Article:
Frame Rotations and Representations
Euler angles are a method to determine and represent the rotation of a body as expressed in a given coordinate frame. They are defined as three (chained) rotations relative to the three major axes of the coordinate frame. Euler angles are typically representes as phi (φ) for x-axis rotation, theta (θ) for y-axis rotation, and psi (ψ) for z-axis rotation. Any orientation can be described through a combination of these angles. Figure 1 represents the Euler angles for a multirotor aerial robot.
These elemental rotations can take place about the axes of the fixed coordinate frame (extrinsic rotations) or about the axes of a rotating coordinate frame (e.g. one attached on the vehicle), which is initially aligned with the fixed one, and modifies its orientation after each elemental rotation (intrinsic rotations). Without accounting the possibility of using two different conventions for the definition of the rotation axes (intrinsic or extrinsic), there exist twelve possible sequences of rotation axes, divided in two groups:
Figure 1: Euler angles represented for a multirotor aerial robot.
As seen there are many ways to do this set of rotations - with the variations be based on the order of rotations. All would be formally acceptable, but some are much more commonly used than others.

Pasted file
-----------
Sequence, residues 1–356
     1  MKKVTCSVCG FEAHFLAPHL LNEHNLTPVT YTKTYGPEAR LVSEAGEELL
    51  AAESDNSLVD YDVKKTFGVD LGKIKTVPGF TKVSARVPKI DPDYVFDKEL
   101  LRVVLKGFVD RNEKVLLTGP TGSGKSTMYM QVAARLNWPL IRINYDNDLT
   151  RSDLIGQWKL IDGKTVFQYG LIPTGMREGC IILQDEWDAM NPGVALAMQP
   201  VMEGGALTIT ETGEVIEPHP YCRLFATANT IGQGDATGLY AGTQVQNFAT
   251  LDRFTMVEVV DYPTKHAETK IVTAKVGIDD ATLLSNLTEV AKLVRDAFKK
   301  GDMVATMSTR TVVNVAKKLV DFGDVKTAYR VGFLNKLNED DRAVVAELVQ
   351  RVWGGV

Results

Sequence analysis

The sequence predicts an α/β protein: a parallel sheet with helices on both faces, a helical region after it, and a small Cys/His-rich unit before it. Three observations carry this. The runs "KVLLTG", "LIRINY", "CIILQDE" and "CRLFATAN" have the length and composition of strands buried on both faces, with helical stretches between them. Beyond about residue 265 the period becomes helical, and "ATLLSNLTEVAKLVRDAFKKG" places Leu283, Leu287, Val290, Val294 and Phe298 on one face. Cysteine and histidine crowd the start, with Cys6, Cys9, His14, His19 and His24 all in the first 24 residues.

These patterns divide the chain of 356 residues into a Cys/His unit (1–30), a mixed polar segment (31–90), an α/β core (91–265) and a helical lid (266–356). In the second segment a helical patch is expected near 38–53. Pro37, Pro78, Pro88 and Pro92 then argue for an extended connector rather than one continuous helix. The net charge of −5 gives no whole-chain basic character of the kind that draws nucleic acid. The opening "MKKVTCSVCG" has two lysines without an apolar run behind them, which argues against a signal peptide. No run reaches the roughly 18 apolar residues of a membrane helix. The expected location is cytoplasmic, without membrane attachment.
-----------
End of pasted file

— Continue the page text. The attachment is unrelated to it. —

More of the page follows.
Among them, one that is particuarly widely used is the following: start with the body fixed-frame (attached on the vehicle) (x,y,z) aligned with the inertial frame (X,Y,Z), and then perform 3 rotations to re-orient the body frame.
To learn more about different conventions, please visit:
Figure 2: Representation of the Euler Angles.
We can write the aforementioned set of rotations as:
which combines to give:
To get the angular velocity, we will have to include three terms, namely the time derivative of ψ around Z, the time derivative of θ around y' and the time derivative of φ around x''. These three terms are combined to give the vector of angular velocities ω. The final result takes the form:
And in inverse form:
Note that one has to take care for singularities such as the pitch angle at plus/minus 90 degrees. A typical set of Euler Angles considers the following set of limitations:
Theorem by Euler states that any given sequence of rotations can be represented as a signle rotation about a single fixed axis. The concept of Quaternions provides a convenient parametrization of this effective axis and the rotation angle:
||b¯||=1abd thus there are only 3 degrees of freedom in this formulation, and
b¯represents the rotational transformation from the reference frame ( α) to the frame b, the frame αis aligned with frame bif frame αis rotated by ζabout E¯
This representation is connected with the Euler angles form, according to the following expression:
This representation has the great advantage of being:
- Singularity-free and
- Computationally efficient to do state propagation (typically within an Extended Kalman Filter)
Euler to-and-from Quaternions Python Implementation
Euler to-and-from Quaternions MATLAB Implementation